U.S. teacher sent to Canada after sexual abuse conviction
An American teacher convicted of having sex with a 15-year-old student has been sent to serve three years probation in Canada in an unusual case that has immigration experts questioning its legality.
A U.S. judge gave Malcolm Watson a choice between serving as much as a year behind bars or agreeing to a three-year sentence at his home in Canada. Watson, a 35-year-old former teacher at Buffalo Seminaryin New York state, chose Canada.
Under the sentence for sexual abuse imposed by Cheektowaga town court, Watson can enter the United States only to report to his probation officer. Watson lives in St. Catharines, Ont., with his Canadian wife and three children. His sentence started Monday.
Robert Kolken, a Buffalo immigration lawyer, told the Toronto Star that exiling a citizen is unheard of.
"I don't see how a judge sitting in a criminal court in the U.S. can lawfully banish a citizen as a condition of sentencing," he said.
"The real issue is whether it's legal or not," he told the paper, adding that he wonders whether the sentence can even be enforced.
No assurances given
Erie Country District Attorney Frank Clark told CBC News the agreement was amenable tothe state, but thatno assurances were made to Watson.
"He asked us and the court for permission to serve his sentence while living with his family in Canada," Clark said.
"Our response was, 'We don't really care if you want to live in Canada. It's all right with us. We don't know if it's all right with the Canadian authorities. You'll have to take your chances with them."
Watson's lawyer, Oscar Smuckler, told the Buffalo News he looked into the implications of the sentence and thought it "unlikely that Canada will do anything" to upset the arrangement.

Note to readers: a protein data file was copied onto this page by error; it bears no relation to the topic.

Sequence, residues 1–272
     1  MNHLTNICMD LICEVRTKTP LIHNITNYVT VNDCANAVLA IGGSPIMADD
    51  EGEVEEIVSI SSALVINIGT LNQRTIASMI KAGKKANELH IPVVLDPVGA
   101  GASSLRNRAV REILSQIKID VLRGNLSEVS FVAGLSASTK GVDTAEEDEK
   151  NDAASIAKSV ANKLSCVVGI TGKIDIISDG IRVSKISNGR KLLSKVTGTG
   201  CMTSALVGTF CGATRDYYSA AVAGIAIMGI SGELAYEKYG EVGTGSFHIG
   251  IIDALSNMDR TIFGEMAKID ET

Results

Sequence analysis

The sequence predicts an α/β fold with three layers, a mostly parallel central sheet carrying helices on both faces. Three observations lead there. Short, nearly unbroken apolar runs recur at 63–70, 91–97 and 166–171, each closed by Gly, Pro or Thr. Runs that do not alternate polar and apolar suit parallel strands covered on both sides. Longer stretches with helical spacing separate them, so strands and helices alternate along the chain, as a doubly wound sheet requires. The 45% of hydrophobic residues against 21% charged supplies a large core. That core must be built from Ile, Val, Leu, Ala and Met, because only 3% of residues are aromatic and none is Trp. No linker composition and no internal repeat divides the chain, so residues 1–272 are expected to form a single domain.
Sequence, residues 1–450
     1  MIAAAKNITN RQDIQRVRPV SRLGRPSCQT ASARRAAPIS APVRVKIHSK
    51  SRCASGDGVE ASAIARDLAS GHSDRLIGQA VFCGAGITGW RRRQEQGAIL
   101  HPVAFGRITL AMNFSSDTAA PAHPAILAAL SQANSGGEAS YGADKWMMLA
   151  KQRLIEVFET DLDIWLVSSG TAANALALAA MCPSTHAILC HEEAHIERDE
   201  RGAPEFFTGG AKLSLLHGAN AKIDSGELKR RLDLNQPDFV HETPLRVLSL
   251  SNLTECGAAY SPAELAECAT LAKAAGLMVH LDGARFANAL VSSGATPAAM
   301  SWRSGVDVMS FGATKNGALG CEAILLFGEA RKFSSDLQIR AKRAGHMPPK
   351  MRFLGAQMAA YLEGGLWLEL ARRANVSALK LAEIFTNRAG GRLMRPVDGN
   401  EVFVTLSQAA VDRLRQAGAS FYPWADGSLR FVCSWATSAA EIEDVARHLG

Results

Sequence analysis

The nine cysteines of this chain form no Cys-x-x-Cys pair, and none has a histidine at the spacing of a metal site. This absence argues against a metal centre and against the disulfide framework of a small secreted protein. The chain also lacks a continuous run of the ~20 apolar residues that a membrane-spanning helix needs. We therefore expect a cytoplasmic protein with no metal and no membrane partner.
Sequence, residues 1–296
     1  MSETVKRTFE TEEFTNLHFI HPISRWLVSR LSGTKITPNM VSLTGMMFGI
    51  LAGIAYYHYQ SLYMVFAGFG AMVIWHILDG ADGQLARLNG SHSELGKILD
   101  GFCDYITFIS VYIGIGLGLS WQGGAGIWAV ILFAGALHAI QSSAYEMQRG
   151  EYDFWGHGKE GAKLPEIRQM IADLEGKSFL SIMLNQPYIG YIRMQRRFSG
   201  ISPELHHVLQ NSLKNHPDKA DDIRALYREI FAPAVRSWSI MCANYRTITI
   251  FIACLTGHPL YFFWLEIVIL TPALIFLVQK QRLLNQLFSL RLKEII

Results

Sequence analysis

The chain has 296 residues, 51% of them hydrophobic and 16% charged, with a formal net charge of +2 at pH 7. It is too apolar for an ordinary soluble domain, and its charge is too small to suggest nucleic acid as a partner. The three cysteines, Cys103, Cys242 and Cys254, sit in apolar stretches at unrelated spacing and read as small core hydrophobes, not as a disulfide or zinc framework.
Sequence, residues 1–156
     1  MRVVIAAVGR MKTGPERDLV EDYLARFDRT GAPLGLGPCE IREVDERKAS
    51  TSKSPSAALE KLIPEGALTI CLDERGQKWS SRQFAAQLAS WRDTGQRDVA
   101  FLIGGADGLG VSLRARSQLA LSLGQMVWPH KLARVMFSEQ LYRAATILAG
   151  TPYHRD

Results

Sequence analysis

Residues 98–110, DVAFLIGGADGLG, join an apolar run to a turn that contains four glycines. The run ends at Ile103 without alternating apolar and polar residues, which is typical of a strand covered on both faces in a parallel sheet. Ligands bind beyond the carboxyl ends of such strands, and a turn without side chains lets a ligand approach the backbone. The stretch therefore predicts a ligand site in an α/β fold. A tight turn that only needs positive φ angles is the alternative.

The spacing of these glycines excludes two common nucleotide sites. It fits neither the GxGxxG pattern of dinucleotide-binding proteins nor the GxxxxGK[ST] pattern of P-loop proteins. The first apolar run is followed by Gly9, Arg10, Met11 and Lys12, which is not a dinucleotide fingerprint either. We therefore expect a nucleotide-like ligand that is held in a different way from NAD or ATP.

Immigration lawyer Marshall Drukarsh agreed with Smuckler's assessment.
"If an individual is a permanent resident of Canada and he has been found guilty in the United States of a crime and the equivalent crime in Canada is punishable by a term of imprisonment at most of, say, five years, then his permanent resident status in Canada is not in jeopardy," Drukarsh said.
Still, it remains to be seen how Canadian authorities will react.
Citizenship and Immigration Minister Monte Solberg said that while he could not comment on the case because of privacy concerns, he could comment in general terms about how federal officials would deal with non-Canadians convicted of crimes elsewhere.
"If non-citizens pose a threat to Canada, we will do everything in our power to have that person removed as quickly as possible," he said in an interview with the Globe and Mail.
Citizen and Immigration spokesman Edison Stewart told the Star the Canadian Border Services Agency studies such situations on a case-by-case basis.
"Someone convicted of a serious offence would normally be barred from Canada. But every case must be examined as to the exact nature of the foreign conviction and its equivalency in Canadian law before a final determination is made by CBSA," Stewart said.
A CBSA spokeswoman told the newspaper she was not aware of Canadian pre-approval of the deal.
Different consent laws
Canada and the U.S. have different laws regarding sex with a minor, and Canadian approval for the deal may depend on whether Watson would have been charged with such an offence in this country.
In Canada, the age of consent is 14 years unless sex occurs during a relationship of trust or dependency— such as in a teacher-student relationship— in which case the age of consent rises to 18.
In June, the federal Conservativesmoved to raise the sexual age of consent to 16 years from 14.
In New York state, the age of consent for male-female sex is 17.
Watson, described in media reports as a popular English teacher, pleaded guilty to having sex with a 15-year-old female student in a parked car in April.
According to the Buffalo News, the school fired Watson in April, after he had been suspended a month earlier for ignoring a previous warning to stay away from the student.
The girl's parents are reported to approve of the sentence because it means their daughter won't have to testify in public.
With files from the Canadian Press